Ordering food for your campus club? Not so fast

By: Madeline Alvarez, Managing Editor

For the past few years, Newman students have become used to eating food from restaurants such as Chick-fil-A and Pizza Hut at campus events.

This year, though, most of the food at events has been provided by Great Western Dining, the outside food service that runs the Mabee Dining Center.

After suffering financial losses because of the COVID-19 pandemic, Great Western Dining this year has begun more strictly enforcing a section in its contract that allows it “right of first refusal” to provide food served on campus.

The policy has been in Newman’s contract with Great Western Dining since it became the provider for campus 31 years ago, said Director of Food Services Chris Heck.

All higher education institutions have contracts with the food services on their campuses, Heck said. Right of First Refusal means that the school agrees not to purchase food outside of the food service on campus unless the company opts not to provide it.

“This is on every campus in the entire United States of America,” Heck said. “That's how it’s supposed to work.”

Heck, who has been the director of food service at Newman for around seven years, said that some time before he started, the policy must have been loosened. He said he thinks Great Western Dining was probably performing well financially at the time and wasn’t worried about making ends meet. But now, things are tighter.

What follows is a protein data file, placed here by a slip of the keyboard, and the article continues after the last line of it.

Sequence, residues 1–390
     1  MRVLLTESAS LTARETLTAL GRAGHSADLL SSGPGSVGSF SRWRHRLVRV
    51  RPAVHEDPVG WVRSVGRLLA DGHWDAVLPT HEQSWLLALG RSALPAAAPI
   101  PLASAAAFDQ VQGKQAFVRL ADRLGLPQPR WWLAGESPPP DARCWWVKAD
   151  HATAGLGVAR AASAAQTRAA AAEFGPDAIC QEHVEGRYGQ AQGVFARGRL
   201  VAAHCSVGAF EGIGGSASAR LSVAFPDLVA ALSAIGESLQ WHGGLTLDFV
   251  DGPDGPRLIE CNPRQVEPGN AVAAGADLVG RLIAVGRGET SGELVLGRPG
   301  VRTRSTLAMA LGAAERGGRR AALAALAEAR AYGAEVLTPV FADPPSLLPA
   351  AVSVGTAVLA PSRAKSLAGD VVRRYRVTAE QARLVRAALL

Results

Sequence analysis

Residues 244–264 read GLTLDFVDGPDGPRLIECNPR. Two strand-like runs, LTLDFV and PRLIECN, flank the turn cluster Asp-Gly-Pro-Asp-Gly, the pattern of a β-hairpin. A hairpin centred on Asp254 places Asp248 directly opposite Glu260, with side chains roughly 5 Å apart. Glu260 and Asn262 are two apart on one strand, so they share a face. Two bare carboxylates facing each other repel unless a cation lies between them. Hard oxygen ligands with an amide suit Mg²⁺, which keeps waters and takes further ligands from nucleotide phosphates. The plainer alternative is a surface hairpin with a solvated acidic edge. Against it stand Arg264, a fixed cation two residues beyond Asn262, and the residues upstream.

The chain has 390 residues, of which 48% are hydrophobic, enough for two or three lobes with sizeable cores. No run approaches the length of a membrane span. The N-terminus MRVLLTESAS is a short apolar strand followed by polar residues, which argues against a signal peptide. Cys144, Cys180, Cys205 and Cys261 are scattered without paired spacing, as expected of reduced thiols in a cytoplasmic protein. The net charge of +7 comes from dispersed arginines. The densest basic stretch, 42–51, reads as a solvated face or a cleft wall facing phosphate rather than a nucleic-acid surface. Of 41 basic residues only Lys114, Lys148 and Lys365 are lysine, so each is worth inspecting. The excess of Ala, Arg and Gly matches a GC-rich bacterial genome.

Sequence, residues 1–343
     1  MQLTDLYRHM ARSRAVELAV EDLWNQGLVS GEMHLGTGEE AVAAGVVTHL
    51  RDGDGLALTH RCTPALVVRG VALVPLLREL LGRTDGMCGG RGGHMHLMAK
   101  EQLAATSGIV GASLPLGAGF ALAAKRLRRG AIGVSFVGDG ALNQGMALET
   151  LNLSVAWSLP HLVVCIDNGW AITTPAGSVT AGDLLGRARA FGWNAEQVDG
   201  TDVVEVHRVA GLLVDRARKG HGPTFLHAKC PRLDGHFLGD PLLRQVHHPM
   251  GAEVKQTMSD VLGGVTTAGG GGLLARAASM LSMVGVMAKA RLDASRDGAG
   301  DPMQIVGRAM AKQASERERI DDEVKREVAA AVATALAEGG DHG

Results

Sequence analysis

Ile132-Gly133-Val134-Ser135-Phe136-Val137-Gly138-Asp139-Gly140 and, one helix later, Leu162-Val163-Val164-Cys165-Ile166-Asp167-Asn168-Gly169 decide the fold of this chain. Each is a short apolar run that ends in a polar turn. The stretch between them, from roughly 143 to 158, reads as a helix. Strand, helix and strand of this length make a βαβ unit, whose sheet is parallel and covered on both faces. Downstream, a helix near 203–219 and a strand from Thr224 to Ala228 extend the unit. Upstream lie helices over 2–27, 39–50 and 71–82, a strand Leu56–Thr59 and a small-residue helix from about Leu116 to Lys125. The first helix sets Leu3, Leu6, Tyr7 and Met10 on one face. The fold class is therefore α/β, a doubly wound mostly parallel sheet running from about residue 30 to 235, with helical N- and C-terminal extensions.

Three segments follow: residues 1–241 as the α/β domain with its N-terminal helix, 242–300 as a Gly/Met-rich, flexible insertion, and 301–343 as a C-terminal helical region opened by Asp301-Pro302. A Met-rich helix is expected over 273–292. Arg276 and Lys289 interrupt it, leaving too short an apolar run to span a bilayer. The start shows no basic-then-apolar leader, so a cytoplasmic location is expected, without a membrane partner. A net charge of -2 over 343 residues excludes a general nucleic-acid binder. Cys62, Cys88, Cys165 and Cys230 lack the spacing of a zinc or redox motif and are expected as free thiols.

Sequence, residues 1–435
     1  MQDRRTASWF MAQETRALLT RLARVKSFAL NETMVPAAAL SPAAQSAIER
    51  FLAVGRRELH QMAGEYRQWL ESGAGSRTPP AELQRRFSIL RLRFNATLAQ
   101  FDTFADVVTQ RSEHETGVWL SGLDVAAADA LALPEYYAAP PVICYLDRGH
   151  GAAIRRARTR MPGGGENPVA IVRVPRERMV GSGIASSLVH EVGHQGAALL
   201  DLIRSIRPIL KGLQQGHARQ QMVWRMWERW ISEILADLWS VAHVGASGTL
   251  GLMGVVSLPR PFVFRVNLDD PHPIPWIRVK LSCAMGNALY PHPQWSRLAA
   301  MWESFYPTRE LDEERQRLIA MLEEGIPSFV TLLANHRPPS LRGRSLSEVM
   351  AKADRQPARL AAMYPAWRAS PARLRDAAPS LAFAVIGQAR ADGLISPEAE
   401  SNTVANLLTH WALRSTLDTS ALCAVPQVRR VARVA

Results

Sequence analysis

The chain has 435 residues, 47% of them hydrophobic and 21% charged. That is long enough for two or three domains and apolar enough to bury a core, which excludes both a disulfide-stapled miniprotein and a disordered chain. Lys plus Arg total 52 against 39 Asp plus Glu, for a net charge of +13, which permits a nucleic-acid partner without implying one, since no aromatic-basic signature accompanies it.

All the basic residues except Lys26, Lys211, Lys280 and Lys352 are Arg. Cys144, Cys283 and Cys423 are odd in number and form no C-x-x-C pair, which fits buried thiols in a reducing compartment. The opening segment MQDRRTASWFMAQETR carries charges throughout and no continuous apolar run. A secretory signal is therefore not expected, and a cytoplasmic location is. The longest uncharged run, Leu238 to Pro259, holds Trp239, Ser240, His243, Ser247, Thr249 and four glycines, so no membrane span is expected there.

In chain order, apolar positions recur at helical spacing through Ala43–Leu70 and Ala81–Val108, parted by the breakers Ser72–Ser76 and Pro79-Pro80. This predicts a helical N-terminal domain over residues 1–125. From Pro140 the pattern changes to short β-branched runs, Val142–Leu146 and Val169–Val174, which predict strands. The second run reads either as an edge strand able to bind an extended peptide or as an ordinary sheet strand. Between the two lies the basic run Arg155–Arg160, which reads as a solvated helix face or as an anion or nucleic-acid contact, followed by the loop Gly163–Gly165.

“COVID crushed us last year,” Heck said. “We're just asking for the help that's in our contract.”

Heck said he has gotten push back from some students, who say that the policy is too restrictive for student clubs and organizations. The cost of food from Great Western Dining is sometimes double the cost of what the clubs would spend at local restaurants, and that’s impacting their budgets.

Senior Marie Moore, president of the Newman Medical Professionals Club, said that her club has a deal with Pizza Hut and can get $7 pizzas when it orders more than seven pizzas. The club wanted to provide pizza for its first general meeting on Wednesday, and Moore, following the newly reinforced policy with Great Western Dining, went to Heck to request that NUMPC be allowed to buy the pizza from Pizza Hut.

She said Heck denied her request and said that Great Western Dining could provide the pizza instead. Moore agreed, not knowing the price of the pizza at that time.

Later, Moore found out that the pizzas from Great Western Dining were $14 each.

“I think that that is a concern that a lot of the clubs have is the pricing for a lot of the options,” Moore said. “If Chris tells them that Great Western can provide, but he can't also provide some sort of a discount or a price match, it's kind of, I don't want to say unfair but … it just doesn't feel like you're taking into account that student organizations don't always have the funds to pay twice as much for a pizza.”

Moore said she did not try to price match with Heck at the time.

Heck said that Newman controls the price of the food Great Western Dining offers on campus and that he thinks the prices are fair.